NAGPRA is a well-intentioned and overdue law. It works to correct a national embarrassment most Americans have little sense of, namely, how the bones of Native Americans were frequently treated as mementos of a “conquered” people. While bones of all ethnicities were collected, Native American remains were especially sought. Such “trophies” made up private and public collections, including New York’s prestigious Museum of Natural History. Exploitation was part of government policy, as in 1868 the U.S. Surgeon General ordered Native American remains dug up and set on display. To some extent, the HBO show "Deadwood" portrayed this phenomena with the notorious Al Swearengen often depicted baring his soul to a decapitated head he paid a bounty for.
This treatment primarily went on in the 19th and very early 20th century. Evolving sensibilities eventually led to NAGPRA passing in 1990. It seeks to identity and return Native American cultural items, which include human remains.Consequently, NAGPRA targets abuses that went on during a reasonably clear range of time. It does not apply to people born so long ago that they cannot be affiliated with any contemporary tribe, as illustrated by a notable unsuccessful attempt to apply the law to remains found to a 9,000-year-old skeleton found in Washington. Just as the skeleton called “Kennewick Man” was of too early origin to have the law apply, Jim Thorpe died at a time where the exploitation the law targeted was over.
As the Third Circuit Court of Appeals in Philadelphia realized, the pursuit of this case under NAGPRA is a stretch to the point of being “absurd.” The appellate court correctly found that NAGRPA was “not intended to be wielded as a sword to settle familial disputes within Native American families.” This is what the justices should also conclude when this matter is being reviewed at the Supreme Court level.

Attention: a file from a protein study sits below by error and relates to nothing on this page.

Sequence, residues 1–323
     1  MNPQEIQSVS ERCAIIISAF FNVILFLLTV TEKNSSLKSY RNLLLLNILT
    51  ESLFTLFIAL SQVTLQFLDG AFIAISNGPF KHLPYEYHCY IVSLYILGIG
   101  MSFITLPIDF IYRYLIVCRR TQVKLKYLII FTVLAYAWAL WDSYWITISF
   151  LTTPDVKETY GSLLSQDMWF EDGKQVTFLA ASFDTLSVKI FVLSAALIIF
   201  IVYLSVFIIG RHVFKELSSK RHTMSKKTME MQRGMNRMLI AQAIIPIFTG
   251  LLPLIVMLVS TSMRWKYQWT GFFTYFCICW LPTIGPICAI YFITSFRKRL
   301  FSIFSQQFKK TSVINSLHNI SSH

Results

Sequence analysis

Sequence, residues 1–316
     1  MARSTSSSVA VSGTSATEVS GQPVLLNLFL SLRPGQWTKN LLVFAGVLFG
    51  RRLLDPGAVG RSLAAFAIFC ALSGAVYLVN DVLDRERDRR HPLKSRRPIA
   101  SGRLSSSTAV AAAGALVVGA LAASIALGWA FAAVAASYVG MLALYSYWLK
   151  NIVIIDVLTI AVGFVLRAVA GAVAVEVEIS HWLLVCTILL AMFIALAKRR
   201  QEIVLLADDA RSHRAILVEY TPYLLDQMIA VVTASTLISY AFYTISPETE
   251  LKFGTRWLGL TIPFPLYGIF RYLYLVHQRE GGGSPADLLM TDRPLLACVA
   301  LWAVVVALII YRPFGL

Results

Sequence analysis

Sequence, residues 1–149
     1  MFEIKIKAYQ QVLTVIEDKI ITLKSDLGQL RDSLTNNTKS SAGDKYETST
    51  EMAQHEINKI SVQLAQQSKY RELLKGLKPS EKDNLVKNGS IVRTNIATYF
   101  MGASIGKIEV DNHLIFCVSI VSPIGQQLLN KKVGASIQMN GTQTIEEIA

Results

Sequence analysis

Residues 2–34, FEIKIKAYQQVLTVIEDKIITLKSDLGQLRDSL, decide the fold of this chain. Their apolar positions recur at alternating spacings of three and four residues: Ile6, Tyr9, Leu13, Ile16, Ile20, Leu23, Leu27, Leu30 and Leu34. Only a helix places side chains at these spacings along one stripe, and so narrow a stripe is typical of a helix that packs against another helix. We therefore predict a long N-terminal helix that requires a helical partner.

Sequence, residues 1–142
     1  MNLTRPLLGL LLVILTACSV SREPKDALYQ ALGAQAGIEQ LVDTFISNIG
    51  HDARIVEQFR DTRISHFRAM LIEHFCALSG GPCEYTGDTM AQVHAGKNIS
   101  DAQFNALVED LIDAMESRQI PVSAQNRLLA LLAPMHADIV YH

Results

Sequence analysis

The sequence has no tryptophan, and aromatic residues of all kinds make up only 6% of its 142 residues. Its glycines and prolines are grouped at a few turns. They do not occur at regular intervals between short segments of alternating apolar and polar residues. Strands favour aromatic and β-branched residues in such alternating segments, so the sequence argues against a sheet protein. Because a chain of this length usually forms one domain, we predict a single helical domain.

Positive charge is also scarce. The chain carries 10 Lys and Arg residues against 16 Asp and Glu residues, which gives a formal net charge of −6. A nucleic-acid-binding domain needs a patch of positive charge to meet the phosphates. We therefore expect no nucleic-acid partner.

Even If the Supreme Court takes the case, it can decide the matter all sorts of ways in favor of Thorpe remaining at his present site. This includes finding: (1) NAGPRA overbroad as applied to Thorpe; (2) that the memorial is not a “museum” within the meaning of NAGPRA; (3) that there was unreasonably delay in bringing the suit; (4) that plaintiffs lack standing or (5) that the case fails on First Amendment grounds.
Yet, there would only be one way to find in the plaintiffs’ favor -- to import a result Congress never intended to the petition of Jim Thorpe’s surviving children after Jim’s first three daughters, who expressed a contrary view, expired with the normal passage of time. Interestingly, even if the plaintiffs’ prevailed in the Supreme Court, as they did at the trial court level, Jim’s remaining decedents and the Sac and Fox tribe would likely dispute this issue further at the administrative level within the Department of Interior. This would have been a more viable result if the suit was brought at a time when Grace, Charlotte, Gale, John, and Carl were alive to voice their preferences in such a proceeding.
The most eloquent statement that has come from this family dispute was made by Mr. Koehler when John died in 2011. Koehler stated “[John] may have had an opposing view to most of us regarding the final disposition of his father’s remains, but his feelings and intentions were genuine. I’m sure we all share compassion for the family and pray that God has a special place for him, perhaps very close to his father.” Koehler joined John earlier this year, and hopefully they have found one another, right along with Jim Thorpe.
As time passes for all involved, including the two remaining Thorpe children, it is time for the Supreme Court to make the easy legal call and stop this fight, once and for all in this realm, by denying certiorari.